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Kay’s Cuts: Beta-agonists’ deadly downside

Beef Central, 16/07/2013

 

A monthly view of the North American beef industry with Steve Kay, publisher of Cattle Buyers Weekly, Petaluma, California.

 

THE US beef industry has spent the past several years promoting the use of ‘new technologies’ to increase productivity and help producers make more money.

Producing more pounds per head makes economic sense, especially as the US cattle herd continues to shrink below 90 million head. It also helps industry claims that it is getting more ‘sustainable’, with fewer cattle producing more beef.

One technology whose use is now widespread are feed additives, commonly known as beta-agonists, which add more pounds of lean meat to carcasses.

US pork producers started using a ractopamine-based additive called Paylean and cattle feeders eventually followed suit with Optaflexx (ractopamine-based) and Zilmax (zilpaterol-based).

Cattle feeders in recent years agonized over their use but began to use them after deciding they couldn’t afford not to. They deemed they would be at a competitive disadvantage to other cattle feeders if they didn’t use them.

Between 60pc and 80pc of all the cattle on feed in the US now receive either Zilmax or Optaflexx, but recent ractopamine-based bans on US beef and other questions have caused many in the industry to question this high usage.

The European Union, Russia, China and Taiwan are among the countries that will only accept beef or pork certified as free from ractopamine (a term that in effect refers to all beta-agonists).

The US Meat Export Federation says that these bans cost the US US$97 million in lost beef exports the first four months of this year and US$58 million in lost pork exports.

Other questions being asked focus on beta-agonists’ possible effect on beef quality in terms of quality grade and tenderness; their effect on animals’ welfare and overall care; what beef consumers might think about their use and how widely the industry should explain their use.

The last point is especially complicated. People who regard themselves as higher-volume beef consumers have told researchers they don’t want to know more about feed additives. But light beef users say they want to know everything about how beef is produced.

Then there’s last year’s media furore over leanly finely textured beef (LFTB) that forced a large US company to close three of its four manufacturing plants. The prospect of a distorted, sensationalised media story about the use of beta-agonists in beef production might seem unlikely. But some in the industry say it remains a ticking time-bomb.

 

Impact on cattle pricing and marketing

Some of this has been written-up in recent months in the trade and general media. What is much less publicised is what I regard as the biggest downside to the beef industry’s use of beta-agonists.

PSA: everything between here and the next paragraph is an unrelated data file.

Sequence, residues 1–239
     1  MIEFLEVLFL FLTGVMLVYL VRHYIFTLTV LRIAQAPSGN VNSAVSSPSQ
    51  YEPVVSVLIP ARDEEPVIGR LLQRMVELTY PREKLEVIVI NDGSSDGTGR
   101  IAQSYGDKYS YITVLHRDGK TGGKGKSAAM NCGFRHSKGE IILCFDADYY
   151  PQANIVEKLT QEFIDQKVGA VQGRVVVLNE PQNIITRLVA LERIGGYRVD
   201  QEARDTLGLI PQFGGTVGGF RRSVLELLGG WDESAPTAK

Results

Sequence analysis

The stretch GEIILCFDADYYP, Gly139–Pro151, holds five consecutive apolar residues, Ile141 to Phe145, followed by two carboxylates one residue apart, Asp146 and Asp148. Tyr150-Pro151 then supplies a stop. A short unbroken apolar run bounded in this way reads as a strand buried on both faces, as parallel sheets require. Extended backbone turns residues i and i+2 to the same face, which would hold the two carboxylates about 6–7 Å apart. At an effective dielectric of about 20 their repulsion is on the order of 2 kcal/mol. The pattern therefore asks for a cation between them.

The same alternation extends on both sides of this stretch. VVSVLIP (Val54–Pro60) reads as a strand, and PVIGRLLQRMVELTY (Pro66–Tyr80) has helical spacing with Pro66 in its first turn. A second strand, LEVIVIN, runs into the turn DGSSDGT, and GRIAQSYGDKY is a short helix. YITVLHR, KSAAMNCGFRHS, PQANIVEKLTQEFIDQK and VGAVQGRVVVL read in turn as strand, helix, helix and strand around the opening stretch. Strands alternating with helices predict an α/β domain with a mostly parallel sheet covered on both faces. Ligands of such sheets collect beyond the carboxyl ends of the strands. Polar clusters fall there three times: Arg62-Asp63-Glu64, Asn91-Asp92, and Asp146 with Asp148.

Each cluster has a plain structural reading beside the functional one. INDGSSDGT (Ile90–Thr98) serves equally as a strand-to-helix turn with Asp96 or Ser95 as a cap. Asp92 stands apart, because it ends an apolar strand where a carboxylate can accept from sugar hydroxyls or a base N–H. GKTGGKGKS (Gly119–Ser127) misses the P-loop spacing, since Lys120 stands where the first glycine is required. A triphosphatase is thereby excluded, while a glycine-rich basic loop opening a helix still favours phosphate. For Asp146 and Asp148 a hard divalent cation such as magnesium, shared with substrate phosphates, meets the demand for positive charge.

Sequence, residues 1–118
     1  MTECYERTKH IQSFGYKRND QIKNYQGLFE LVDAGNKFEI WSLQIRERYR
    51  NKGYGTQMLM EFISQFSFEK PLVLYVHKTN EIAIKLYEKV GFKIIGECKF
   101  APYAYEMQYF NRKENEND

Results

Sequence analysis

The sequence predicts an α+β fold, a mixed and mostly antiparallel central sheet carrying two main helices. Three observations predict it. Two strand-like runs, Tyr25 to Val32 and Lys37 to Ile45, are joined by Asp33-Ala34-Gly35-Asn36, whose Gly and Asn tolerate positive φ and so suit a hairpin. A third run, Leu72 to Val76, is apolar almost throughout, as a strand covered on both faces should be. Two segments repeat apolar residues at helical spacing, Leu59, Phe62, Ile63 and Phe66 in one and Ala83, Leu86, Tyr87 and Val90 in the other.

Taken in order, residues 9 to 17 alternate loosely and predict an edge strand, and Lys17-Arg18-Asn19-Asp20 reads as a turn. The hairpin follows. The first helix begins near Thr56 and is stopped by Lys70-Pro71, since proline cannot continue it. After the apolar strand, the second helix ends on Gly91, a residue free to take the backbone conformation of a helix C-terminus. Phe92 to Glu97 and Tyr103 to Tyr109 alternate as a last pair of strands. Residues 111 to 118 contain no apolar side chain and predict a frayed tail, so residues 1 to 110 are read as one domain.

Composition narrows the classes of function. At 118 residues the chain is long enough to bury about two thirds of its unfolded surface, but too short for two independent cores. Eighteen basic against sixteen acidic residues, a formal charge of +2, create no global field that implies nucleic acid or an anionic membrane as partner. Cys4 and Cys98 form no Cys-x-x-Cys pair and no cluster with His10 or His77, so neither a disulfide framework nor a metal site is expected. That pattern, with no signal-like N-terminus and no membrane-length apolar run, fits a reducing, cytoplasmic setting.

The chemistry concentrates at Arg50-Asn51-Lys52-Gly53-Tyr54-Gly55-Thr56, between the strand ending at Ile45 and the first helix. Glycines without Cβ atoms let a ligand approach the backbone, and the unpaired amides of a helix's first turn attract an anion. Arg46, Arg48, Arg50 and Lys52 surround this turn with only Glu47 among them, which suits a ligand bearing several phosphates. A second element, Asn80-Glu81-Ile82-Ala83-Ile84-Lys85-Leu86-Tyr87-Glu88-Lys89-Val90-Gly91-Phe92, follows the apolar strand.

Their use has significantly altered the pricing and marketing of grain-fed cattle in a way the industry could not have imagined ten years ago.

The use of beta-agonists demands a narrow marketing window if cattle feeders are to get the full monetary benefits from their use. This narrow window has meant much less flexibility in marketing cattle.

For example, there is a three-day withholding period applied in the US after cattle receive their last dose of Zilmax. Then cattle feeders have only 10 to 12 days to get those cattle dead to maximise Zilmax’s value.

Cattle feeders therefore have turned to more marketing agreements with packers to guarantee shackle space (kill slots, in Australian parlance) each week.

This means more cattle than ever are priced on formulas. Some are based on the national cash market, some on the area market and some on plant averages.

The result is that the fewest grain-fed cattle in history are now sold on the negotiated cash market. Yet it still remains the basis for most formula pricing.

Latest USDA data indicates that only one of the five major cattle feeding areas in the US in 2012 sold the majority of its cattle on the cash market.

Iowa-southern Minnesota sold 56.2pc of all its cattle this way, according to packer transaction data. Packers tell me cattle feeders in this region, which includes Illinois, don’t use beta-agonists, hence the large cash trade.

In contrast, they are widely-used on the Southern Plains (Texas, Oklahoma, New Mexico) and in Colorado. So the cash trade there has declined to 10-12pc. The cash trade in Kansas was about 28pc in 2012. Even in Nebraska, once a bastion of the cash trade, the percentage declined to 39pc in 2012 from 60pc in 2009.

There’s another overlooked market aspect to the use of beta-agonists. Once cattle feeders started using them more extensively, analysts say feedlots bid away the monetary benefits of beta-agonists into the price of feeder cattle.

It is no surprise that many cattle feeders are now privately saying they wish beta-agonists would just go away. Every packer I speak to feels the same way.

All this should be food for thought as the Australian industry faces the possibility of beta-agonists being registered for use sometime in the next year.

Australian beef has a market access advantage over US beef due to beta-agonists. I doubt it wants to compromise that or its ‘clean, green’ image. The other issue is that once people start using a certain technology, it’s extraordinarily difficult to stop.

US cattle feeders are learning that lesson right now.

  • See Beef Central’s special report published yesterday on the prospect of beta agonist adoption in Australia, click here to view.

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